Pre-need crisis: Unkindest cut of all
’Tis the “most unkindest cut of all”: to throw to the mercy of the market precisely those parents who were responsible enough to save for the proverbial rainy day. The pre-need crisis has victimized the typical planholder — salaried employees and overseas Filipino workers — and for the government to pretend to be neutral by being legalistic shows that the soft state approach has made for pathetically soft-brained thinking.
The first set of victims consists of those whose pre-need plans have matured but are unable to collect full value on the money they had invested. They purchased the pre-need plan to protect their children’s future from the uncertainties of life, only to discover now that the pre-need company is itself the source of uncertainty.
The second set of victims are those whose plans have not yet matured, but who are forced to keep on paying the regular dues, fully knowing that they may never recover what they invest. They ask themselves: Why throw (our) good money after (someone else’s) bad? Yet if they stop their payments, they will be declared in default and risk penalties or forfeiture of all past payments altogether! They turned to the Securities and Exchange Commission, but I have heard the SEC’s reply on TV: Well, they signed the contract, it contains a default clause, and we must respect the contract. Yet I wonder: Would the SEC worthies invest their own money in the Titanic when the ship is tilting on the horizon, visibly about to capsize, while Celine Dion sings “Your payments will go on and on”?
The SEC, to its credit, had earlier acted as a proper regulator, warning as early as 2000 that the pre-need companies were using creative accounting and faulty financial reporting to cover up their precarious condition. Sadly when the College Assurance Plan scandal erupted in 2004, the SEC shifted its stance, from regulator to court — legal, yes, but timid and imprudent and unfair — and saw itself not as the tribune of the helpless public and the planholders, but rather as the neutral referee between the parents who entrusted their savings and the companies that bungled that trust.
No, the SEC or, for that matter, the entire executive and legislative branches of government, should openly be partisan to protect the innocent public. Fortunately, as the global economic meltdown hit our shores, these agencies have finally abandoned their passivity and begun some proactive measures. The SEC has issued new regulations to enable pre-need companies to diversify its investments options and while increasing their reserve requirement of liquid assets to meet their obligations. The Congress is deliberating on a Pre-need Industry Code to strengthen state regulation over the industry, protect planholders from the company’s insolvency, and deter predatory practices by the corporate officers.
These measures will help the planholders with companies who are still solvent but otherwise in risk of insolvency. They cannot help those parents who hold education plans with companies that are now bankrupt. Their only salvation lies either in market-based rescue or a government-funded bailout.
Note the purchase of the besieged Pacific Plans Inc. (PPI) by an intrepid entrepreneur and investment banker, Noel Oñate, with assurances that the takeover will have “no effect on the existing rehabilitation of PPI.” This is a market-based solution that doesn’t entail any government subsidy, relying instead on the risk-taking instincts of an investor and without prejudicing any vested claims by the planholders.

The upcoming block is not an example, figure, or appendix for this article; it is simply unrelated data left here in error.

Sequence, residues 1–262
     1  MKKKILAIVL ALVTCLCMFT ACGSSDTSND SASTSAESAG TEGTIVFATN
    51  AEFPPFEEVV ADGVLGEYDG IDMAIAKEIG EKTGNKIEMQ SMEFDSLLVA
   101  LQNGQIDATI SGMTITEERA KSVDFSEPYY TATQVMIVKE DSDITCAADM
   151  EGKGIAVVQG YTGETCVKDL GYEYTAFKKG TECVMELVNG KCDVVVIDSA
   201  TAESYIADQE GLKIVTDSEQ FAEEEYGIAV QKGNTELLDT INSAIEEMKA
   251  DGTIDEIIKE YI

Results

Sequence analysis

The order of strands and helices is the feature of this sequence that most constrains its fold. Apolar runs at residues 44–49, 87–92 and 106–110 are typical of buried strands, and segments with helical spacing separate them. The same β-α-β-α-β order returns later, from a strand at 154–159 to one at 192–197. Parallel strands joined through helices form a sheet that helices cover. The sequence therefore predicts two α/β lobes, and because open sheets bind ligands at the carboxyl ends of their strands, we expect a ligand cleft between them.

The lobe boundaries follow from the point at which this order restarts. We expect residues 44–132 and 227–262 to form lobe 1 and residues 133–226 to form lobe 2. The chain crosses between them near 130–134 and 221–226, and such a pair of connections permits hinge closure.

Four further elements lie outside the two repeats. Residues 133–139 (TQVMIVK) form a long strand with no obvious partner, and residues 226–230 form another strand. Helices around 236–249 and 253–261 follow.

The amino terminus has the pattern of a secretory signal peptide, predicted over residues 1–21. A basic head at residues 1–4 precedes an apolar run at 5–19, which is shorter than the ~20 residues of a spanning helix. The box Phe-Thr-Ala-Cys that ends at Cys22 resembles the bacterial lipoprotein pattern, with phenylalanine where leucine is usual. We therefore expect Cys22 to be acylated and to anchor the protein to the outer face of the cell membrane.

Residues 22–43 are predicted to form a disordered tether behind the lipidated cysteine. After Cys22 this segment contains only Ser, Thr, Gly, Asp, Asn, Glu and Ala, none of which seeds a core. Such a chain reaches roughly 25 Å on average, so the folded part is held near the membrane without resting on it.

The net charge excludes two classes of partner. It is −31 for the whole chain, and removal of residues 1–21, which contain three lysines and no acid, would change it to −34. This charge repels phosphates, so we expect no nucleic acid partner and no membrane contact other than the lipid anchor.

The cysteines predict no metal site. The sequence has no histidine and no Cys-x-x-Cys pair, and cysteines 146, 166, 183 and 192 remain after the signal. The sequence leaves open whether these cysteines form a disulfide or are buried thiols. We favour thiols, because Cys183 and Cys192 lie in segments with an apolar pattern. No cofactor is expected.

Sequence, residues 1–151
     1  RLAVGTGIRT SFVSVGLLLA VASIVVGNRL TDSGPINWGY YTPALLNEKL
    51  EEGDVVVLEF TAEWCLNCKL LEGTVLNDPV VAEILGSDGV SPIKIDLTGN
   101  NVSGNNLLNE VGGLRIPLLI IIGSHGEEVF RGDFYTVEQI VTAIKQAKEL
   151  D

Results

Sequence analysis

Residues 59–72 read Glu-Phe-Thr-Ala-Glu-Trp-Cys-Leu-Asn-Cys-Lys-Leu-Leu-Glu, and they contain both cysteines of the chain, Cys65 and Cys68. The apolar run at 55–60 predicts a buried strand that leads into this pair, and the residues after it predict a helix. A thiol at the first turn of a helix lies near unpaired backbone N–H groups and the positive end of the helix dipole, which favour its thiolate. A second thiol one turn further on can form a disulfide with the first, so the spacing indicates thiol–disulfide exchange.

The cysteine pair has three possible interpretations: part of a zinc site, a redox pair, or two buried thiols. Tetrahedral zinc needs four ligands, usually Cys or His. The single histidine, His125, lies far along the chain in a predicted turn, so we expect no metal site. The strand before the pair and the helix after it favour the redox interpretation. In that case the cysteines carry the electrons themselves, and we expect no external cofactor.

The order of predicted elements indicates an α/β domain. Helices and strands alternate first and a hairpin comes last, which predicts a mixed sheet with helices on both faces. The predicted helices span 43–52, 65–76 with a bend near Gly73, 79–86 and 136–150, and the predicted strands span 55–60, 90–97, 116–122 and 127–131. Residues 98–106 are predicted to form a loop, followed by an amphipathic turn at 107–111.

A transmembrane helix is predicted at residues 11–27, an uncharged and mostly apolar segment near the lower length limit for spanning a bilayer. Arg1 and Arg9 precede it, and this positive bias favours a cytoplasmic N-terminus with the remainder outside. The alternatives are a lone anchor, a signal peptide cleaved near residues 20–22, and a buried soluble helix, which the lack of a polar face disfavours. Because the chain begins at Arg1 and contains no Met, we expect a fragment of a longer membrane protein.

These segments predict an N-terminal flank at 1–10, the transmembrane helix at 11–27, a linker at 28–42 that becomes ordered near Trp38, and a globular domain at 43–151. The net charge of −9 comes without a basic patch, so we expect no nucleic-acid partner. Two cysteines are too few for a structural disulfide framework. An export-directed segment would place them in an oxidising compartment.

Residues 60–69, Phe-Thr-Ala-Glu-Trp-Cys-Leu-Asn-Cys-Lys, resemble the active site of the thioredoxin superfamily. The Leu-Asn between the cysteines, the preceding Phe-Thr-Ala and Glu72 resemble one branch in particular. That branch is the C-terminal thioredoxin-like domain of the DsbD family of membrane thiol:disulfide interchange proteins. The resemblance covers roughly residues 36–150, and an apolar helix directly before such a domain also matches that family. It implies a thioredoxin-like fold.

On the other hand, talk has began about a government — and taxpayer-funded—bailout. The barest minimum for any bailout program is that it shouldn’t put tax money in the hands of the same irresponsible corporate officers who squandered the planholders’ hard-earned savings; indeed we must hold them to account. It should also put a cap on executive pay, perks and golden parachutes. The distressed companies deserve as much sympathy as those Detroit bigwigs who went to the US Congress to ask them to rescue the automotive industry — and flew to Washington, D.C. in their private jets.
Moreover, there should be sufficient safeguards against questionable accounting practices, especially transfer pricing, that have enabled distressed conglomerates to move profits to their favored corporate shells (to keep the wealth within the family, so to speak) while shifting losses to their pre-need affiliates (to let the planholders take the flak).
The recent revelations [read story] about politicians’ intervention in the now bankrupt Legacy group of banks and pre-need companies should warn us about a more familiar risk. Ricardo Tan, former president of Philippine Deposit Insurance Corp., says PDIC, which insures our bank deposits, was early on alarmed at their exposure to the Legacy group and, upon inquiry, found “fictitious deposits, [rotating] collateral from one bank to the other, unsafe and unsound [banking practices] and improper documentation.”
Tan revealed that at the height of his investigation, now Speaker Prospero Nograles invited him to a dinner with the founder of the Legacy group, Celso de los Angeles Jr., now a town mayor in Albay province. Nograles allegedly asked him to go easy on De los Angeles who had ties to several administration allies, including Vice President Noli de Castro. Worse, Tan actually filed a complaint with now Ombudsman Agnes Devanadera. But, Tan laments, “Nothing happened. The case didn’t move.”
Yes, for the sake of the parents-planholders, we do need a bailout but only under strict safeguards. A bailout without safeguards is worse than no bailout at all.
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